Yesterday Microsoft unwrapped the latest changes to its OneNote software. Originally introduced with Office 2003, OneNote is now a separate product, albeit one integrated with Microsoft’s OneDrive (previously SkyDrive) service.
The main changes are that the basic OneNote system is free and available without having to buy Microsoft Office, and that there’s now an API for third-party services to connect to. Existing Office 2013 and Office 365 customers get some premium features, but the basic note-keeping and synchronisation tools are available for all at no cost now. There is also a Mac OS X app for the first time, as previously Office:mac 2011 didn’t include OneNote.
The new API access means that there’s already an IFTTT channel for OneNote, and the folks at Feedly have included support in their feed reader (free for now but paid customers only from next month). A few other apps are also available in OneNote’s app directory.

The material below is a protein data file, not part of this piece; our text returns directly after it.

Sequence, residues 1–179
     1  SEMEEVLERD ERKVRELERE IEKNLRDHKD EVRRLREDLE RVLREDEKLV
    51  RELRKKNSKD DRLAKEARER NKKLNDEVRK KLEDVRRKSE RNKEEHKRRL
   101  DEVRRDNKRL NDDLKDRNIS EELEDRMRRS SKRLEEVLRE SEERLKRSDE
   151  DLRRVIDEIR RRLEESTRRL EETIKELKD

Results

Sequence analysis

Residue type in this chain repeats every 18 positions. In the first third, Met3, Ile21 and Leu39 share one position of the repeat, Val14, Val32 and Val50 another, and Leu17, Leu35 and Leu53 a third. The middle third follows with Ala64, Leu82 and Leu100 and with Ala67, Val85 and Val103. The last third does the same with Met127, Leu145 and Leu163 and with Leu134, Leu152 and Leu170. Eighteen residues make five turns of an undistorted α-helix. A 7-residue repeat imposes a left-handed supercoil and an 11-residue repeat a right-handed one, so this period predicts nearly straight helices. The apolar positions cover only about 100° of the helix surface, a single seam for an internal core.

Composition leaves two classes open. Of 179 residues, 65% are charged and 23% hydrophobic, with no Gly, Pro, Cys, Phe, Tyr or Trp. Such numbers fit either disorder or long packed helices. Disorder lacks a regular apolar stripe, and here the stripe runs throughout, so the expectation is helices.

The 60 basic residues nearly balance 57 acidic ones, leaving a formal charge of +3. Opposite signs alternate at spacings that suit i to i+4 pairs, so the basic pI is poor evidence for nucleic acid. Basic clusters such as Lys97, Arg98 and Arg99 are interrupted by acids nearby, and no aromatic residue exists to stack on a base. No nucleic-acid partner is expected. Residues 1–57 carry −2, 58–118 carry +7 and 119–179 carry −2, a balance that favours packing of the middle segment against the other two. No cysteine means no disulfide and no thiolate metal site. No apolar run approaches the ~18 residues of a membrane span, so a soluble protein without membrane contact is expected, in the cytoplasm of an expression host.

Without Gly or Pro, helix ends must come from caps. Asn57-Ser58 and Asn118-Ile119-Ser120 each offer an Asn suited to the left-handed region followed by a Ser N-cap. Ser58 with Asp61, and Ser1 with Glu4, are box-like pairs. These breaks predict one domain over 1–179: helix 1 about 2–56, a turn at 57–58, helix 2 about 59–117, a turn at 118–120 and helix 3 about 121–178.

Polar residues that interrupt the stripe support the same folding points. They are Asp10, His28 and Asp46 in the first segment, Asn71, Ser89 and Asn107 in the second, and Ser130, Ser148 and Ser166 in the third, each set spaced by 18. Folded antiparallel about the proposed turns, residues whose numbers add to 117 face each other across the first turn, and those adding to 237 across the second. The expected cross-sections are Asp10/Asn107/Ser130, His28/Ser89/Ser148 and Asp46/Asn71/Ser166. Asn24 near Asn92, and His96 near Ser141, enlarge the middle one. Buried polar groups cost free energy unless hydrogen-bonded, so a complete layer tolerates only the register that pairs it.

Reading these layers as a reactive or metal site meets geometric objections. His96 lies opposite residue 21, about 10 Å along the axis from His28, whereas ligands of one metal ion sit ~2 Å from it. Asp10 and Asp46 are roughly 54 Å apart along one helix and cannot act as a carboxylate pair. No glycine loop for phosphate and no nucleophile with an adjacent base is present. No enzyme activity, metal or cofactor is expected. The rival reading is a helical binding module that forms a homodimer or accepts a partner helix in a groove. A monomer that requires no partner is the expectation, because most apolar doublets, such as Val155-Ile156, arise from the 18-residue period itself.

I imagine most people will be interested in a comparison with Evernote, which is the main leader in cloud-based note-taking. Though I’m not able to do a full comparison, personally I’ll be sticking with Evernote. The OS X app for OneNote is big (over 400 megabytes when installed) and slow to start up. I’ve found Evernote a bit easier to manage plain text notes, although OneNote offers more flexibility with arranging items within notes. Evernote also lets you export and print notes, unlike OneNote’s free offering.
Other competitors include Google Keep and Apple’s iCloud Notes. Google Keep is Android and web-only (an unofficial iOS app exists), but supports voice memos. iCloud Notes is available on iOS, OS X and the web, but there’s no Windows app and only simple text notes are supported. Whilst I think that the new OneNote is definitely better than Google or Apple’s offerings, Evernote is still the service to beat.